The Conversation (available for streaming in Netflix)
Superman: The Motion Picture
The Firm
Postcards from the Edge
Enemy of the State
Behind Enemy Lines
Crimson Tide
The Runaway Jury (Hackman’s penultimate acting performance)
Narrow Margin
The Royal Tenenbaums


The Martini Shot is an ongoing series examining the overall body of a performer’s work through the lens of their last work, whether it is through death, disillusionment, d-listing or retirement. In film jargon, The Martini Shot is the last shot of the day.

7 Comments leave one →
  1. marlene permalink
    April 26, 2011 10:30 am

    I’d never really thought of Hackman as the male counterpart to Meryl Streep, but it’s an apt comparison, one that probably isn’t made too often because unlike women, we somehow expect great male actors to be that prolific and varied in their roles. It still shocks us when a woman pulls it off.

    If Hackman ever does decide to come out of retirement, I hope it will be to work with Wes Anderson. Just think of the oddities they could create!

  2. April 26, 2011 10:53 am

    I’d never really thought of Hackman as the male counterpart to Meryl Streep, but it’s an apt comparison, one that probably isn’t made too often because unlike women, we somehow expect great male actors to be that prolific and varied in their roles. It still shocks us when a woman pulls it off.

    Agreed and also it’s so interesting how pretty male actors are deified whenever they are able to demonstrate range, as though being able to demonstrate range was some minor component of acting! Hackman and a lot of “character” actors of all genders are our true actors. Most celebrities that get called actors are essentially bamboozling us into paying for the privilege of seeing them play themselves in film after film. looking at you, Aniston.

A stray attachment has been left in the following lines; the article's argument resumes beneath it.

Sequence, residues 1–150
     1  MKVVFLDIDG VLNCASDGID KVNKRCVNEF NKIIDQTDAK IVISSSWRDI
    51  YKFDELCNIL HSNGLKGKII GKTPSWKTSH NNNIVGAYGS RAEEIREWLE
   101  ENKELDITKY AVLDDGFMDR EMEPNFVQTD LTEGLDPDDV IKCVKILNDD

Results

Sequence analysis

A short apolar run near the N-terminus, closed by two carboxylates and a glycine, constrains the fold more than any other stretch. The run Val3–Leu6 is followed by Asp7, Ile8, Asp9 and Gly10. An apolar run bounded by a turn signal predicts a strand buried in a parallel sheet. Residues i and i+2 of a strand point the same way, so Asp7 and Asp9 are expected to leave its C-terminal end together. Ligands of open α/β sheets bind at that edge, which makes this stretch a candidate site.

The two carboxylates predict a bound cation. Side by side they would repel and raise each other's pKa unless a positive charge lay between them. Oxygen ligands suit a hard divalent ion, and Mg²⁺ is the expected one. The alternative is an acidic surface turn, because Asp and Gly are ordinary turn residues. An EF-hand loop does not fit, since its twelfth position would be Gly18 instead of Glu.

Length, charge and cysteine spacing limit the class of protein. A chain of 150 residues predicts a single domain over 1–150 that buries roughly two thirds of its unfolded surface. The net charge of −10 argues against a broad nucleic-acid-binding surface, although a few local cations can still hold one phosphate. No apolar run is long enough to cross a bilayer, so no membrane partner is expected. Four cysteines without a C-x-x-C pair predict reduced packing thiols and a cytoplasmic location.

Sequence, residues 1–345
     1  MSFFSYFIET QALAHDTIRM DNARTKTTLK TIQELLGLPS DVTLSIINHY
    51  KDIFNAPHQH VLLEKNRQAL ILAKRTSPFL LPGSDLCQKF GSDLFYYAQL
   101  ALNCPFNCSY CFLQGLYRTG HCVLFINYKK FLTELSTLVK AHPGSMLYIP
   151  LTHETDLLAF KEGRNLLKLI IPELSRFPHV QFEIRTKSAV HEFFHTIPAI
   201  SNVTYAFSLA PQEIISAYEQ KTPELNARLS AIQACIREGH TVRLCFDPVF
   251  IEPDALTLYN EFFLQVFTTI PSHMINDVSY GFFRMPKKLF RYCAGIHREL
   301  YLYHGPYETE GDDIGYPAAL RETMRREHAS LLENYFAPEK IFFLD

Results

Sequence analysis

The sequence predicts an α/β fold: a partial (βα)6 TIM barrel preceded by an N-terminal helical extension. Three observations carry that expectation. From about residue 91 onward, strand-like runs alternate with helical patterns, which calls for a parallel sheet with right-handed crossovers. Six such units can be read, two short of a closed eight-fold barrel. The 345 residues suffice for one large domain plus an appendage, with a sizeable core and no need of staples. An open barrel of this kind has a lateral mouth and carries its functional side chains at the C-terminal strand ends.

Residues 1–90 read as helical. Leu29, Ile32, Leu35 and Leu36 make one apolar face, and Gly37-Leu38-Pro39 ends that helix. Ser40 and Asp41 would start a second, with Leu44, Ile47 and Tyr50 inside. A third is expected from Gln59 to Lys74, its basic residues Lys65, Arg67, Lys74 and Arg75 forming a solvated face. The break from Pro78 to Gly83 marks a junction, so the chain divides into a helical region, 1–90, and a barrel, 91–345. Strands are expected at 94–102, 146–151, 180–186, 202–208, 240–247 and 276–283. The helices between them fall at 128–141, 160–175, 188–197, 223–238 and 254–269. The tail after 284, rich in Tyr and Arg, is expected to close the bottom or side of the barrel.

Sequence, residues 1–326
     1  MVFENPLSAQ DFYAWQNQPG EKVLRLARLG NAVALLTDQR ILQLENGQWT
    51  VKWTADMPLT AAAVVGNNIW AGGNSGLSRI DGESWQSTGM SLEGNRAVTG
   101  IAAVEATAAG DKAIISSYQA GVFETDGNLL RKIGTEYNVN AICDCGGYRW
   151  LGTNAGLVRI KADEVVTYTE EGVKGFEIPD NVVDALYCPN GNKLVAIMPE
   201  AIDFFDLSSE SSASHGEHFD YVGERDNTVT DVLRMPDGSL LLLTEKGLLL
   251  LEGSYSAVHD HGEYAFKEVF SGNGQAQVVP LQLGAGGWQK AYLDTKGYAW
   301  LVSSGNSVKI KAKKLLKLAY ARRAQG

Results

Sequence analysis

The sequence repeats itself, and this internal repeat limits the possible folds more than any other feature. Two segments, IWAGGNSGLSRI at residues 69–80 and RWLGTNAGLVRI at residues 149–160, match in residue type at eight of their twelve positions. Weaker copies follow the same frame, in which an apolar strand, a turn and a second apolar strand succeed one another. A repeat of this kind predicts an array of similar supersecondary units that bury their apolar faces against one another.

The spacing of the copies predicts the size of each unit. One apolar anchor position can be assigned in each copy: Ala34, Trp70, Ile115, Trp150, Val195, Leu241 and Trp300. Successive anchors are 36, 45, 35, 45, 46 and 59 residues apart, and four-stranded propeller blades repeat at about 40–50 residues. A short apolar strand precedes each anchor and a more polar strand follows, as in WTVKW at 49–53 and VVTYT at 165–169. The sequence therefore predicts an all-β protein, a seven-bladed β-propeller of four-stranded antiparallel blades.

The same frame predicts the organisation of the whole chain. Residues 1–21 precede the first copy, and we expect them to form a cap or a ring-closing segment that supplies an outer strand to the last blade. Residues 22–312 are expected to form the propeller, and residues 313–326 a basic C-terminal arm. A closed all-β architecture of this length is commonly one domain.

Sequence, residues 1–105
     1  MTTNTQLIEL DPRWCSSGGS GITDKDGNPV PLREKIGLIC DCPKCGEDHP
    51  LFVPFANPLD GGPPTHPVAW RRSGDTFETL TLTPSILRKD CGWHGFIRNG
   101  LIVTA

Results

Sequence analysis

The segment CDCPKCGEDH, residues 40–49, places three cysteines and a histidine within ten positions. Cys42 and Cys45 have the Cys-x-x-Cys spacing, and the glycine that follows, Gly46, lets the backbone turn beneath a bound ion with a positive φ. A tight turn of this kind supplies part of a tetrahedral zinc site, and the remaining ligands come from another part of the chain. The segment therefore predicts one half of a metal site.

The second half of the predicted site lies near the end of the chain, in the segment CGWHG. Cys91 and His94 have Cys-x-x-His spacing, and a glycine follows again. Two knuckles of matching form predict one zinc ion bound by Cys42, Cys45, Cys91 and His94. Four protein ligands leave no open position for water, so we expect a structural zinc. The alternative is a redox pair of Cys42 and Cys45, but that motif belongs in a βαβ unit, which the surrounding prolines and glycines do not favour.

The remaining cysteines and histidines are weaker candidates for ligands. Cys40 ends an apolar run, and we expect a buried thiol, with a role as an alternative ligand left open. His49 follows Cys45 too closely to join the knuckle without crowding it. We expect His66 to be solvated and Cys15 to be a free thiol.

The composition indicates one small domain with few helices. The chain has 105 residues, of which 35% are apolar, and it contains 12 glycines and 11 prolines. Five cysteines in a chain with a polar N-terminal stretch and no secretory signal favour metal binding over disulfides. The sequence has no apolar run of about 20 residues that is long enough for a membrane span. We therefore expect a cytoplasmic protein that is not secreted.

3. evmaroon permalink
    April 26, 2011 11:42 am

    I love Hackman! He’s one of only a few actors whose voice I can summon up in my memory. He’s distinctively Hackman in every film but he always brings a well rounded character to each film. I loved him paired with Denzel and he was terrific in The Royal Tenanbaums. What a great career…I sure hope it’s not over.

  4. April 26, 2011 12:15 pm

    I love this take on Hackman, you write about him with such knowledge and affection. And I love this idea for a series, it’s making me rethink other actors and their final roles!

  5. evmaroon permalink
    April 26, 2011 2:53 pm

    After watching the car chase in The French Connection again, can I just say, THEY DON’T MAKE ‘EM LIKE THAT ANYMORE.

  6. Anie permalink
    April 26, 2011 8:44 pm

    I love Gene Hackable (as affectionately like to butcher his name).

    His lines/mannerisms in Runaway Jury (my personal favorite performance) ~ I have incorporated so many into my life, that it may even be perceived as annoying by others.

  7. April 26, 2011 9:07 pm

    Ha. Anie! You should watch Royal Tenenbaums if you haven’t already. I think it might give your Runaway Jury a run for the money. Plus it has Danny Glover!

Leave a Reply

Fill in your details below or click an icon to log in: Logo

You are commenting using your account. Log Out / Change )

Twitter picture

You are commenting using your Twitter account. Log Out / Change )

Facebook photo

You are commenting using your Facebook account. Log Out / Change )

Google+ photo

You are commenting using your Google+ account. Log Out / Change )

Connecting to %s

%d bloggers like this: